Saturday, 29 October 2011

Made in China I by Japan (Tobacco International) aka Camel

Because I've meet a bunch of nice people from all over the world I will write this post in English. So pardon my French and use google translator for my shakespearian English. First of all, how I end up in China…I was lucky-lucky. I’m a smoker and I end up winning a trip to Shanghai offered by Camel (JTI).
This is not a paid advertising material and if any of you don’t smoke, good for you, save your breath and don’t comment here about what’s good or bad with the tobacco industry. Coming back, there is karma. I won this  trip but after that I lost an airplane ticket to Bangkok, thanks to the shitty website and policies of Turkish Airlines. Don’t use them, they suck big time. Anyway, back to Shanghai where I arrived after a long flight (2.30 h to Amsterdam and 10.30 hours to Shanghai). KLM still rules so the flight was ok. 
Day 1
The guys from Camel meet us with a first surprise, a chinese traditional medicine foot massage. Different than the Thai foot massage, the chinese version is more soft, relaxing and precise, it was good and I will come back on this subject. From the massage we jumped directly in some old motorcycles, the Chinese version of the Russian version of the Germans BMW, .. don’t ask. 
An excellent dinner at the Xian Nan Guo restaurant (100 usd for 6 persons) was followed by a short nap in the huge bed of my room at the Ritz Carlton…before the first party of the week. It was a full, intense 1st day of discovering Shanghai and partying hard.. I needed the endurance of a Camel but thanks god, I’m forever young.. 
Day 2
It was a big and pleasant surprise for me. A meeting and a photo session with Sun Jun, a famous Chinese fashion photographer. 
The meeting took place on the outskirts of Shanghai in the Yuyuan park with some beautiful gardens, a real example of the Chinese feng shui. The result of the photo session conducted by Sun Jun is this.
 I took my time to shoot some Chinese models in the set up and the result is here.

Dinner was at Maya, a Mexican restaurant in a residential area of Shanghai where the expats are keeping the place alive. Good food and lots of marguerita helped us taking a short walk on the Bund by night. A must see, go no later than 10 pm so you can catch all the lights on the skyscrapers.
It seems that the cost of illuminating the buildings each night is around 150,000 usd / night.  The night ended in Muse, one of the most famous night clubs in Shanghai. A White Russian was 55 RMB (8 usd), no entrance fee. The club was nice but I’ve seen a lot of show off and therefore the atmosphere was so and so. The Bucharest student clubs are still kicking ass..:-)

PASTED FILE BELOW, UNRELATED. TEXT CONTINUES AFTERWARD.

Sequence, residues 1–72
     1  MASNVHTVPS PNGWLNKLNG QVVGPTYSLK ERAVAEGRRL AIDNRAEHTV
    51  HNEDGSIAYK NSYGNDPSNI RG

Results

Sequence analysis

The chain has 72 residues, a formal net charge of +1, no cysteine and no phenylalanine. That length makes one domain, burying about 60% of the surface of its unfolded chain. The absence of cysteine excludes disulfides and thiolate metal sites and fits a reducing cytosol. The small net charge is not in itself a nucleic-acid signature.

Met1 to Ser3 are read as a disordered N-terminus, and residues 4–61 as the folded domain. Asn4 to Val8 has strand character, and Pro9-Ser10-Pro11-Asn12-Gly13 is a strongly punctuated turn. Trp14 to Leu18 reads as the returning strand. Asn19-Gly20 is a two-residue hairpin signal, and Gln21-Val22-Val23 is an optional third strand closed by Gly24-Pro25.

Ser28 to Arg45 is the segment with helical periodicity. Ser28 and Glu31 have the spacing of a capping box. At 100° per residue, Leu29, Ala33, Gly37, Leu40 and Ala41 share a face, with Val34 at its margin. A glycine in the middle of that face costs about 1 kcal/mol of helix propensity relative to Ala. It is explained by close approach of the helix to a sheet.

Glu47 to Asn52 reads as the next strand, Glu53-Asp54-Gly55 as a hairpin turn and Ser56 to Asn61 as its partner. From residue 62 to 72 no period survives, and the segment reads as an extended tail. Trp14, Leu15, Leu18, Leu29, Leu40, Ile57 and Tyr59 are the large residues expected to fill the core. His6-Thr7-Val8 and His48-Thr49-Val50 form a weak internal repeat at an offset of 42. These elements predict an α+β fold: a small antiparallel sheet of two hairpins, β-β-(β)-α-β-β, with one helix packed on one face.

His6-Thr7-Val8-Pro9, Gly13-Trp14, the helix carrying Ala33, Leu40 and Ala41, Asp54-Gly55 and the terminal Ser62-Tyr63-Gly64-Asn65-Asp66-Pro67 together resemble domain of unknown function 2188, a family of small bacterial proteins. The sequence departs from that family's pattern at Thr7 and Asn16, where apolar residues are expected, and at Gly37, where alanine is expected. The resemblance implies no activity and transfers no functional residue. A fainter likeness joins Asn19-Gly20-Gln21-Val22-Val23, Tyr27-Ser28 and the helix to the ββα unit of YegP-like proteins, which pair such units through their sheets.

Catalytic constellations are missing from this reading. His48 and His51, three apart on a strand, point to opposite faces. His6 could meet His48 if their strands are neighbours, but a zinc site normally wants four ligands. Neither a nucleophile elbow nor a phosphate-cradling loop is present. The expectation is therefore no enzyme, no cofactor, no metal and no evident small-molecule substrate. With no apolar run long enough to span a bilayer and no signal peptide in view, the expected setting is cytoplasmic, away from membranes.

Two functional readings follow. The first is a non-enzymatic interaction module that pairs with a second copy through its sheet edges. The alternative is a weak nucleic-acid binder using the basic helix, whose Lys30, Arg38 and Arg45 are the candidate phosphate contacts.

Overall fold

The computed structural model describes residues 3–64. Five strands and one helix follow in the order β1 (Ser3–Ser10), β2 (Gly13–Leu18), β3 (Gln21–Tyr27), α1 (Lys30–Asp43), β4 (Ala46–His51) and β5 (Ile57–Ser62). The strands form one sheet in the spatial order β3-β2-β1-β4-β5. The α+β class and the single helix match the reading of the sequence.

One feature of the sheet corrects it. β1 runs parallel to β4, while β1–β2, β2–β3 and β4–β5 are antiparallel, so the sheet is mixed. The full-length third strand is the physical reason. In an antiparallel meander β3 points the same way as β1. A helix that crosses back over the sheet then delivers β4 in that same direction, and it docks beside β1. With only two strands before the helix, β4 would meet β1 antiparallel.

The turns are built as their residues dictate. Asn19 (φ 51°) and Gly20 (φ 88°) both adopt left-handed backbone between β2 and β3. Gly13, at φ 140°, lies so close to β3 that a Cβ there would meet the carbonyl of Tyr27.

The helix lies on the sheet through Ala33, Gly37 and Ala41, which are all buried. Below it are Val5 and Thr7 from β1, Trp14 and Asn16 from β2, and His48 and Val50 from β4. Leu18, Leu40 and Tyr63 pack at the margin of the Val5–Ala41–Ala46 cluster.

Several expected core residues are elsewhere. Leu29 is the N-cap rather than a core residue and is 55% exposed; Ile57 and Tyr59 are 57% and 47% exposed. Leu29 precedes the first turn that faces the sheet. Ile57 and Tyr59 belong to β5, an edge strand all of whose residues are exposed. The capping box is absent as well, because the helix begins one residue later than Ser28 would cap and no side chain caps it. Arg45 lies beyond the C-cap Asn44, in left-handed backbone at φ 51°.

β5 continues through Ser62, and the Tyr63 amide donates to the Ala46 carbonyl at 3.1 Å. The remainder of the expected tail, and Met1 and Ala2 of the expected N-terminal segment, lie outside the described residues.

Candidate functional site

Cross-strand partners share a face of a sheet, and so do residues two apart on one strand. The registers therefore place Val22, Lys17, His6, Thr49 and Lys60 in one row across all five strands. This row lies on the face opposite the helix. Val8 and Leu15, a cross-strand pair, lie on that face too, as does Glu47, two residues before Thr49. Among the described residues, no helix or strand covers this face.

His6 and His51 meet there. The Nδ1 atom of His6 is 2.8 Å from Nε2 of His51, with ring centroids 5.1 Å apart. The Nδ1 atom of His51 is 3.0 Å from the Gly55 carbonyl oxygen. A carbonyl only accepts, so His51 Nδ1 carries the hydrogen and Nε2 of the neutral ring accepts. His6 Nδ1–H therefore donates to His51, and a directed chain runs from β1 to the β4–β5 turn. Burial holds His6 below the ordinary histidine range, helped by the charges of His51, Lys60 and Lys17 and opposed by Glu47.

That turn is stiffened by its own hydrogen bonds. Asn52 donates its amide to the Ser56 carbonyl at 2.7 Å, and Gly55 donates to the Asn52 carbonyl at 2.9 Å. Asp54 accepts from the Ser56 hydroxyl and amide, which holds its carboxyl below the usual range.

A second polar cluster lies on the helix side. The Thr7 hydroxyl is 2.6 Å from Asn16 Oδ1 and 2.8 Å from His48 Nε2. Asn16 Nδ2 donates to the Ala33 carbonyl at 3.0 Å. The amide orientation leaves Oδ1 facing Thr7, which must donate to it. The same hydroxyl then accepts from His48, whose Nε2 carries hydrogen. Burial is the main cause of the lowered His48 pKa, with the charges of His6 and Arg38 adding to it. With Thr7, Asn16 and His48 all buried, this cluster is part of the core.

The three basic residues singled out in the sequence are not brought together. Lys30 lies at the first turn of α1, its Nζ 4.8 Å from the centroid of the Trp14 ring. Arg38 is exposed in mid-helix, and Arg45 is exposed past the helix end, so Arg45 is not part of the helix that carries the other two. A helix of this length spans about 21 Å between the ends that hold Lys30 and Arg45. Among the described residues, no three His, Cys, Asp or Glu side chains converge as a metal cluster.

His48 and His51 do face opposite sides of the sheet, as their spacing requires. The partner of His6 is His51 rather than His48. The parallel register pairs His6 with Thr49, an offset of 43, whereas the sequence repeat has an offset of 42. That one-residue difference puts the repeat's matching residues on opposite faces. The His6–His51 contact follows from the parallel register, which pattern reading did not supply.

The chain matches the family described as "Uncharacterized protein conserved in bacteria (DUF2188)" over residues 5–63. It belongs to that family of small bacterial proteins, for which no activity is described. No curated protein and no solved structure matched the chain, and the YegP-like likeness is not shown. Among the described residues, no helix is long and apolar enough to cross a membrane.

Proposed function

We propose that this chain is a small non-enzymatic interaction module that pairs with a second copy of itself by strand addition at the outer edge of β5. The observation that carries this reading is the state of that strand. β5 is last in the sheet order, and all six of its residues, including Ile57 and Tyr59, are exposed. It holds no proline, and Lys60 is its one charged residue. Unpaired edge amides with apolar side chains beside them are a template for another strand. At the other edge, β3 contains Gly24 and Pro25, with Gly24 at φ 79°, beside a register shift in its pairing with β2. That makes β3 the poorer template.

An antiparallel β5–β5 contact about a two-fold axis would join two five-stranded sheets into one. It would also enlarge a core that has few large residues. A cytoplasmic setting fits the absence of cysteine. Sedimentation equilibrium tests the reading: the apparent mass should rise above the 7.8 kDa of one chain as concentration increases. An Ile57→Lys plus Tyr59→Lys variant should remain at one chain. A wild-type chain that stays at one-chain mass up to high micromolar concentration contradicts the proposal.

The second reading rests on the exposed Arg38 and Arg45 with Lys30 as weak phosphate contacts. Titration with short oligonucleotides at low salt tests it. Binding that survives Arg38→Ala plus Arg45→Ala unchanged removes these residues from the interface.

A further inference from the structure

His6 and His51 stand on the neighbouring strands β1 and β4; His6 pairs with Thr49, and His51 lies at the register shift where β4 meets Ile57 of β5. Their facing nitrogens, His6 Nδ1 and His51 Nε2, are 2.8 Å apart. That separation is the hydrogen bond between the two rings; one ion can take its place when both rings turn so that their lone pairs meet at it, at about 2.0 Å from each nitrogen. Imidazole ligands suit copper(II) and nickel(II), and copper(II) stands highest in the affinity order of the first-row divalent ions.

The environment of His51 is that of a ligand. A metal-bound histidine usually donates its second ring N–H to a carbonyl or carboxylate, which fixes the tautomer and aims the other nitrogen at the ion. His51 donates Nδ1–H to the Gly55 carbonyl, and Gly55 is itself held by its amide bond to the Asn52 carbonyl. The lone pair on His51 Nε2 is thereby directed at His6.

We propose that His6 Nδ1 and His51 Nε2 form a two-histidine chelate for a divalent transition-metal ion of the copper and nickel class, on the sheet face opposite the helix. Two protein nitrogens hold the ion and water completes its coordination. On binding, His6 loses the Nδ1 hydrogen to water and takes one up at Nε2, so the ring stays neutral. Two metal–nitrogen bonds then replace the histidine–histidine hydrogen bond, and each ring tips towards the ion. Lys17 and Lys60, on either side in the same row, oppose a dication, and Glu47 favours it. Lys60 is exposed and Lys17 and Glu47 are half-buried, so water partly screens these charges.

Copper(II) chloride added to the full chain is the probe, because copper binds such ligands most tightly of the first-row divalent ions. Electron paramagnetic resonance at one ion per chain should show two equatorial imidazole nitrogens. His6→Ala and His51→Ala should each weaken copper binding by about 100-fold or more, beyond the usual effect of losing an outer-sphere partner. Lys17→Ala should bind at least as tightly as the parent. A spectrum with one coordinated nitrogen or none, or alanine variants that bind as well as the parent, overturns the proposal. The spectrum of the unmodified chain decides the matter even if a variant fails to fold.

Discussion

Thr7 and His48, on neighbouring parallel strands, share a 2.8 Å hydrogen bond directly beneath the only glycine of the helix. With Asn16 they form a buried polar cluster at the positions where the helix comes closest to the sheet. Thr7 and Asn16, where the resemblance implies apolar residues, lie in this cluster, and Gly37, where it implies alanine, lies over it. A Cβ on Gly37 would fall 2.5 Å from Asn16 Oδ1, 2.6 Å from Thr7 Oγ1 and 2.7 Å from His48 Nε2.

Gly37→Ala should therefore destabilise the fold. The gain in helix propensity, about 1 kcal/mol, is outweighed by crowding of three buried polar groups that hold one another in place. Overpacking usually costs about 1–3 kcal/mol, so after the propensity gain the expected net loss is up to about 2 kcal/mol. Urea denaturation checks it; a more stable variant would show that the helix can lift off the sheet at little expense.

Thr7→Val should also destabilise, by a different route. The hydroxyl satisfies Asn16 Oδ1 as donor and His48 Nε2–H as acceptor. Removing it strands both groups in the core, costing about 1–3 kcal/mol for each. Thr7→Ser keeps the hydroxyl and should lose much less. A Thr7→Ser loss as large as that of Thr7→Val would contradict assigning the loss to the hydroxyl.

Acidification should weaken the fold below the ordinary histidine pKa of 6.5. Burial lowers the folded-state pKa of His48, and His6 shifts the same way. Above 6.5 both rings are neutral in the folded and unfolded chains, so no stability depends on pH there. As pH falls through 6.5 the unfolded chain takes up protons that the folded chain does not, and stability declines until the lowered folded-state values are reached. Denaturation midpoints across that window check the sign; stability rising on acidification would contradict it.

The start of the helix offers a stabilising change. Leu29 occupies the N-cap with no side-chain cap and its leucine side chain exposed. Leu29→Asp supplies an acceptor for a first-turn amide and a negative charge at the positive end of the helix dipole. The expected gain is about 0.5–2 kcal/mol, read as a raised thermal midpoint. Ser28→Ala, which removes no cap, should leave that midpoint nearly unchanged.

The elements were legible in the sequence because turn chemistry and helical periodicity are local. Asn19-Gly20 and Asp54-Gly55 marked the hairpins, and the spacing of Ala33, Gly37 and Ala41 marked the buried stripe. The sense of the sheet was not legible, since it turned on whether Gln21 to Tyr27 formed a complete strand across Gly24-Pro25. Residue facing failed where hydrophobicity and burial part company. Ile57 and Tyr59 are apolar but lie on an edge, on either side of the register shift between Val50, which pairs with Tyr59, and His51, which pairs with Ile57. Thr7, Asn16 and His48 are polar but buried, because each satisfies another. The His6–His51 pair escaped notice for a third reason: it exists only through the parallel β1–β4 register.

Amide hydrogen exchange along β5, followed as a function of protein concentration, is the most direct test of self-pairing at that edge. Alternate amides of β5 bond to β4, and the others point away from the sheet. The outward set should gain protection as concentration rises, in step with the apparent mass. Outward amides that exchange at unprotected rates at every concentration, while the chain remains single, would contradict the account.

Day 3
I never heard before of GodsKitchen  and their DJ/clubbing concept but the venue where the Camel guys took us to learn how to mix and turn off and on some lights (aka VJ-ing) was really cool. It seems that our teacher, Paul Thomas, was a famous DJ but how I told him….Oh my, oh my, Rock&Roll will never die ! And as you can see he was thrilled singing with me, no need for the DJ set 
Day 4
China has a tradition regarding the bicycles, many chinese are using them. So I tried to paint in black a chinese bicycle but I had a big problem. The bicycle was already black. And that was good, like a Harley Davidson commercial says, we believe in wearing black because it doesn’t show any dirt or weakness. So my Trekk orange bike will have a black (and some silver as my signature) chinese brother.
Day 5
Kung Fu lessons at a famous tea house in Shanghai! Being a happy hippie hipster, I choose to enjoy shots after shots of…Jasmine tea J and leave the fighting to others
In the evening, Karaoke! Oh boy, I rule ... by sucking if I can say so… The duet with a chinese pop star, her soft voice and my metal growl was so painful to hear that everybody said I could easily and successfully compete in one of our shitty TV shows…only if I stop..
Day 6
We choose to visit a water village, Zhujiajiao, near Shanghai (1 hour driving). It was the Chinese version of Burano, the small island near Venice. Definitely deserves a visit.
In the evening the grand finale, a farewell party with all the winners in The Mint Club (amazing view from the rooftop), the agencies and the Camel guys.
It was an extraordinary experience and as an advertising professional I can say that I was impressed by the creativity and the effort shown by Camel and their agency.
A few words about Shanghai:
It’s amazing what the Chinese did in 20 years. Shanghai is a vibrant city, a lot of skyscrapers, state of the art technology and definitely a lot of megalomania. 
The new coming global power which is China flexed its muscles and showed to the world what can do. In front of the Bund where all the western buildings from the colonial era are a reminiscent sign of the past, the chinese built an amazing financial center with some crazy skyscrapers. 
The contrast is amazing but also relevant, a clear message to the rest of the world. 
The French concession is a green classy and beautiful neighborhood.  A lot of restaurants, nightclubs, shopping malls and an excellent subway network, all these are making Shanghai the symbol of the future China. 
The city deserves a 3 day visit but no more than that is necessarily. As a backpacker, pay attention to the accommodation, it’s not cheap. 
Honorable mention : The Lost Heaven restaurant, the bazaar near Xintiandi (don't do shopping or eat there), obviously The Bund, the Art galleries at M50, Yueyang Hotel, French Concession, Noodle Bull and Hot Pot restaurant, the Old Town (bargain hard for shopping, pay no more then 1/3 from the asked price)
Regarding the real China and travel tricks I will give more details in the next post dedicated to Beijing.
PS : all the credit for the pictures in this post goes to the Camel team of photographers

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